The Philippines is lagging behind its Southeast Asian peers when it comes to the adoption of environmental, social and governance (ESG) principles, experts say, and a key reason could be the lack of a “forcing mechanism” to push listed companies to follow internationally recognized sustainability standards.
“We’re behind. It’s very uneven across the corporates, and while some are ahead of their ESG metrics mainly benchmarked against the other groups in more developed markets, others opt not to put anything in,” says Jacqui de Jesus, head of research at Maybank Philippines.
The disparity in ESG reporting data could be due to the fact that for the past three years, while Philippine regulators have been exhorting corporations to integrate ESG into their operations, they have not been strict with requiring specific data points.
“We’re monitoring the data inputs on a year-to-year basis and there has been improvement, slowly, but the forcing mechanism hasn’t been there in the last three years,” De Jesus says, noting that the current “comply or explain” model means disclosures are a little slower.
“Comply or explain” is a regulatory approach in corporate governance and financial supervision that sets out a code, which listed companies may either comply with, or if they do not agree, explain publicly their reasons. The model is distinct from the regulatory approach that sets out binding laws that all must follow.
As of 2019, the Securities and Exchange Commission of the Philippines set out its “comply or explain model”, in addition to its Code of Corporate Governance which was released in 2016. The regulator also requires publicly listed companies to submit an annual sustainability report.
However, the quality of ESG data still varies from company to company since there are still no publicly disclosed auditing metrics for the types of data to be reported by the listed companies.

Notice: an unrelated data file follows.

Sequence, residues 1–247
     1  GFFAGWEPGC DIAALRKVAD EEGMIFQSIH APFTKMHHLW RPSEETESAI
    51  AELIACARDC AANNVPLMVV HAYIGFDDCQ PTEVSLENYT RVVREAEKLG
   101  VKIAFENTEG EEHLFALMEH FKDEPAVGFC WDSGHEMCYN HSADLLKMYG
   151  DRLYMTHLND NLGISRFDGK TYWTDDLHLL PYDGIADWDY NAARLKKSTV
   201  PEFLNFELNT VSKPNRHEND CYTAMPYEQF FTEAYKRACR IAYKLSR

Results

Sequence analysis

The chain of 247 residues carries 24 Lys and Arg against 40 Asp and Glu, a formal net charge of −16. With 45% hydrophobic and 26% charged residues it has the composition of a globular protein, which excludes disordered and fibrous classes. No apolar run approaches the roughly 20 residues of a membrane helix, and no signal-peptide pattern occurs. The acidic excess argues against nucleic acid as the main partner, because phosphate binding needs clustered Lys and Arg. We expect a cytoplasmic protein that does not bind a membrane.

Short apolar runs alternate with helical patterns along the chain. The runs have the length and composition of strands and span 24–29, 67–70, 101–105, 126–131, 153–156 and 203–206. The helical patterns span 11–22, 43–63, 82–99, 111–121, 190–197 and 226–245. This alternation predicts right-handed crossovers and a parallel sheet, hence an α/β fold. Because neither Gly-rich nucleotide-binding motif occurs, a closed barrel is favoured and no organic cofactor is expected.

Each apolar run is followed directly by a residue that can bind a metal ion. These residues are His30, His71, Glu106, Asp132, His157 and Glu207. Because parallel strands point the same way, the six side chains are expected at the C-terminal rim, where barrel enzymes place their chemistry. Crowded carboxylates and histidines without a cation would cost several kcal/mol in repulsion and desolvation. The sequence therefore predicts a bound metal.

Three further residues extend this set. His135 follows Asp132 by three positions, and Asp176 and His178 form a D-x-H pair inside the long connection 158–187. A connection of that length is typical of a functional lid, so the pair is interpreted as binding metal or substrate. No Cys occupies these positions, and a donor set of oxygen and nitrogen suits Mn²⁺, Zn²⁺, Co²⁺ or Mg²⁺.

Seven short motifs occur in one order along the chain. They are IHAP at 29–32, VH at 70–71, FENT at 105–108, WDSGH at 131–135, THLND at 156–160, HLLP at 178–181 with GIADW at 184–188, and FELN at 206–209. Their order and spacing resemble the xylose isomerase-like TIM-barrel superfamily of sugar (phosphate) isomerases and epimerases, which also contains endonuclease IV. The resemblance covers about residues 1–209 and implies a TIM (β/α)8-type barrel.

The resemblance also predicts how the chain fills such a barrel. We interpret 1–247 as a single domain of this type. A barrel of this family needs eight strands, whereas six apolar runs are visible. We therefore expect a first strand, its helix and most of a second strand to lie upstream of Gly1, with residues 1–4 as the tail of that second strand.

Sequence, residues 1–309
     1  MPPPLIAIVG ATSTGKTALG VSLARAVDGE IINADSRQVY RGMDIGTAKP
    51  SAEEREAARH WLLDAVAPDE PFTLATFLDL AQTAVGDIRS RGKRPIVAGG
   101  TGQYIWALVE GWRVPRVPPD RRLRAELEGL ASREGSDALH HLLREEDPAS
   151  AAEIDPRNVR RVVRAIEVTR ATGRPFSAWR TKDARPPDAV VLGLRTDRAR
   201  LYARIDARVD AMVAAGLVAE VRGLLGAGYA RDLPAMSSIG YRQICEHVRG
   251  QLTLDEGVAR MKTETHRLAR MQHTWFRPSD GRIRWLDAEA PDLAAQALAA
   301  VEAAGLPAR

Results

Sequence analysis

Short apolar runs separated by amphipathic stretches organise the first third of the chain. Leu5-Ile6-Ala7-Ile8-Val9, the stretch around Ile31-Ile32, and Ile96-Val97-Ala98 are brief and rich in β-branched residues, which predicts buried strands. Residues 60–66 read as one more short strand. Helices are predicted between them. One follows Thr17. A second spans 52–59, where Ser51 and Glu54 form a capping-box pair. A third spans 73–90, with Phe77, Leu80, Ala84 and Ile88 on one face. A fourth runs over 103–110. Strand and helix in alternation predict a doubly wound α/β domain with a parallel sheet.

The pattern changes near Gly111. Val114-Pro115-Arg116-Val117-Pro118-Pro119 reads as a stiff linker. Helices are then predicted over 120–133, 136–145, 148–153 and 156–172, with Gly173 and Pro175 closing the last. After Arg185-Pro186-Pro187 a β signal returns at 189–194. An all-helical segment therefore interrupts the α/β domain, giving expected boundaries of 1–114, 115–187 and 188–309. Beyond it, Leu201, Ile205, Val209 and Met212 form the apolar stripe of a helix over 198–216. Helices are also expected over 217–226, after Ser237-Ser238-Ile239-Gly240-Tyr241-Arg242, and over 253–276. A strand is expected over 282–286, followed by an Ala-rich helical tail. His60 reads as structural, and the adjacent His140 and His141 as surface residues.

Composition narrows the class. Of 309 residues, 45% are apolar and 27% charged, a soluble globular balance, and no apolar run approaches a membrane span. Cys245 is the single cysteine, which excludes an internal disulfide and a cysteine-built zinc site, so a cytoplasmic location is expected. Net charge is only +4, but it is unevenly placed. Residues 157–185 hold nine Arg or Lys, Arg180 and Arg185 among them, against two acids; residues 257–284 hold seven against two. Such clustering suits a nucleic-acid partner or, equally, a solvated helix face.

“I would say that quality can still be improved, so it’s really going to be a huge task. From the perspective of the auditing process, they will have to invest in bringing in experts from abroad,” De Jesus says.
That could all change in the next two to three years as the trend for local companies is moving towards seeking expert advice on ESG compliance.
“The key trend we noticed is that starting 2022, they’ve been in active contact with the likes of MSCI and Sustainalytics, among others. There’s a real effort in moving towards that structure,” she says.
Also, since last year, more conglomerates have been dedicating more resources to setting up dedicated teams within their groups to align their ESG standards across all their subsidiaries, as well as with regional standards.
“But it’s not going to be fast,” De Jesus says, although she doesn’t see an ESG index being established in the country in the near future.
“The fact that we’re only now requiring actual data to be presented means that in terms of having an ESG index or a sustainability index for the market, we’re a long way to go from that, but we’re moving in that direction,” she adds.
In the medium term, Philippine companies are likely to focus their energies on baselining and data gathering in an effort to catch up with their Asean peers.